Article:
near the tiny pathway in which current flows. The open channel current does not show internal correlations. It does not vary with time. The channel structure does not change once the channel is open (on the biological time scale). The opening process is quite different. The fraction of time the channel is open is different from condition to condition and the variable that controls that time is different from channel type to channel type. The thousands of biologists who study the hundreds of channel types every day try to describe, control, and manipulate this opening process (for the most part) [2,3]. Here we avoid the diversity and complexities of the opening process and concentrate on the properties of the channel, once open, which allow engineering analysis in the usual tradition. The current through the open channel is determined by the driving forces (i.e., power supply) acting on the channel and by the structure of the channel itself. The driving forces are the power supply and the structure has the role of the doping profile and geometry of the channel of a Field Effect Transistor (FET). Traditional biophysical experiments report the current carried through the channel by a particular type of ion—remember electrons do not carry current through protein channels. The current is studied with different gradients of concentration and potential and different types of ions much as an engineer would study the current voltage (IV) relations of an unknown device. Much more can be done, however, than simply measure IV relations. Molecular biologists have taught us how to access the blueprint of the channel protein—its genetic code, e.g., DNA, that determines its sequence of amino acids—and how to manipulate it. With these methods, we can vary the fixed charge profile of the channel protein more or less as we wish, albeit with hard work. It is harder to know the three dimensional structure of the channel protein, i.e., the precise arrangement of atoms and charges, but in favorable cases that is known, and wonderful effort is being spent to increase the number of favorable cases, particularly in Rod MacKinnon’s lab [6–11]. The goal then is to understand, manipulate and predict how much current flows through a channel, given the concentration and potential gradient across the channel and the distribution of fixed charge in the channel. The goal is to discover the device equation that governs the movement of ions through the channel.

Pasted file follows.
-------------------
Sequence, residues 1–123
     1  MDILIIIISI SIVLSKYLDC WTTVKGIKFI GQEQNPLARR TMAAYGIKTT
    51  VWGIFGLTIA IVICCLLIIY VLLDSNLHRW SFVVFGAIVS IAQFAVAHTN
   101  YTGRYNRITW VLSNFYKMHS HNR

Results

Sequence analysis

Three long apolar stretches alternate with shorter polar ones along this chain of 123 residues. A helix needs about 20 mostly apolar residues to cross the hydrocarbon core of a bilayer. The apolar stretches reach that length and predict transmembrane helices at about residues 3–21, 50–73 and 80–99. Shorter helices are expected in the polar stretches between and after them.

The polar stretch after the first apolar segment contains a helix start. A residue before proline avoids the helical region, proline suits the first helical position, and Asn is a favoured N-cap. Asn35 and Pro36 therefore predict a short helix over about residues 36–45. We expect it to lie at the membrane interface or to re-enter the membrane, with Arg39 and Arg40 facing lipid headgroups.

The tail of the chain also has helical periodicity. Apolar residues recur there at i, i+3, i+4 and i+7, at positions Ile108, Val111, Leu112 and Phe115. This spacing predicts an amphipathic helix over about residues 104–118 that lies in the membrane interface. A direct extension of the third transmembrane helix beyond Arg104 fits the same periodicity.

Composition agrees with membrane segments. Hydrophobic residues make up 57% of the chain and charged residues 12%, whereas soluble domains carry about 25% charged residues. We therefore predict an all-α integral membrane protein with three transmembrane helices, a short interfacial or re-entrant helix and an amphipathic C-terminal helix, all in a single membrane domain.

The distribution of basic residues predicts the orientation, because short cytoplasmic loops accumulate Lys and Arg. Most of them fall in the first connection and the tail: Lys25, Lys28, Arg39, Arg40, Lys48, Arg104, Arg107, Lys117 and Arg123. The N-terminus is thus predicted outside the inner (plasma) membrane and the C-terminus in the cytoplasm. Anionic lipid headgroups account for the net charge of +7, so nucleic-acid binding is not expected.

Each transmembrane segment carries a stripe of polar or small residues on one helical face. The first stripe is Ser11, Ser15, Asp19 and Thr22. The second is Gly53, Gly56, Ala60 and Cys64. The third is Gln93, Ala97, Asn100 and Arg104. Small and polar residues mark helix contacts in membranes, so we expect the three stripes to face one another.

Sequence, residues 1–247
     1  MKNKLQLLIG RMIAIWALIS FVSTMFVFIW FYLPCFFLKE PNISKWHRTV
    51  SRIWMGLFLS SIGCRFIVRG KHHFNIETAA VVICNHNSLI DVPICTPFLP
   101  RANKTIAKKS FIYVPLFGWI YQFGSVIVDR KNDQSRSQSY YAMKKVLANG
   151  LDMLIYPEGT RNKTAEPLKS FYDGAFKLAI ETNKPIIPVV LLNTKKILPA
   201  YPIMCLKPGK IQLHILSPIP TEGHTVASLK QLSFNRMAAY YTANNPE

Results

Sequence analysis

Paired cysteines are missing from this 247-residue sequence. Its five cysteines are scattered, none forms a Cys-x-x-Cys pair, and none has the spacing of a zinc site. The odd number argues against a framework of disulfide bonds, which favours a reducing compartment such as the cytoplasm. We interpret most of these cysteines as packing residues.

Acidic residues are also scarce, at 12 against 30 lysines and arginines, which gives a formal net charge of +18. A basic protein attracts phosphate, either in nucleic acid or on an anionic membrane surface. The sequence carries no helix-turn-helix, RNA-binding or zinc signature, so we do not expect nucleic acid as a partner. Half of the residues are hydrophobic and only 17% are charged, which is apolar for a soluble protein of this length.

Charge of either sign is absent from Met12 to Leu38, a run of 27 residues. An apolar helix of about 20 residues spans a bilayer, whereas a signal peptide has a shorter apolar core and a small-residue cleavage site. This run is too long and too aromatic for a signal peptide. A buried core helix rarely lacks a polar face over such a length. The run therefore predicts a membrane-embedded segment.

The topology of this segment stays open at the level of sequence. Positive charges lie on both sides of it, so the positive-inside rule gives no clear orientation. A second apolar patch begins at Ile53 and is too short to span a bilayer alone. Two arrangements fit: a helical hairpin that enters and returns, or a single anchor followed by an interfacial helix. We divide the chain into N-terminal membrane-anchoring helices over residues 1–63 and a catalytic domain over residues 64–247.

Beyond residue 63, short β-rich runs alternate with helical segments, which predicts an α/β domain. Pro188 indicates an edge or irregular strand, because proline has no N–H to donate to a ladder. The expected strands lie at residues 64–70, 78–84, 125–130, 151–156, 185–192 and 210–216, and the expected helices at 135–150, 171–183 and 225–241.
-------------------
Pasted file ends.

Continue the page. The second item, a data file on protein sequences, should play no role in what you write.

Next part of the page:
PNP: Poisson Nernst Planck Theory
The drift diffusion equations of computational electronics, called PNP in biophysics, do surprisingly well in predicting the current through ion channels, as many authors have shown by now [12–21], even while showing the limitations of such low resolution analysis evident to its first users in biology [22–26]. The channel protein is represented as a doping profile specific to the particular type of channel. The concentration and electrical potential gradient between the baths supplies the power to drive the current. The IV relations can be computed in some detail in a variety of channel types as long as only one type of ion—with one diameter, charge, and diffusion coefficient—carries the current. When the type of ions is varied, more chemical detail needs to be introduced to describe the effects of the diameter and charge density of the ion, as well (perhaps) as the properties of its outer shells of electrons (i.e., its ‘chemical’ properties). 6.
The question is how to introduce chemical detail? Here, the engineering approach is most helpful. Rather than trying to deal with atomic detail of ions and protein on the femtosecond 10 pm length scale of ionic motion, we try analysis using as little atomic detail as needed to describe the properties of concentrated ionic solutions. In particular, we assume that all the chemical properties of ions arise from their different diameter and charge (and diffusion coefficient). We ignore (in this initial working hypothesis) specific chemical properties produced by more complex interactions of electron orbitals. In the last decades physical chemists have shown that the free energy per mole (i.e., the ‘activity’ and its non-dimensional measure the activity coefficient) can be calculated if the ionic solution is treated as a compressible plasma of spherical charges moving in a background dielectric [27–32]. This treatment is at first confusing, for those with a background in traditional chemistry, because the density of the overall solution is (nearly) constant although the density of ions is very variable. What is particularly surprising is that the water molecules that make up the dielectric do not have to be treated in atomic detail; it is enough to describe them as a uniform dielectric with the dielectric constant of the ionic solution (not that of pure water). More chemical detail (e.g., details of hydration shells or hydrogen bonding) is not needed.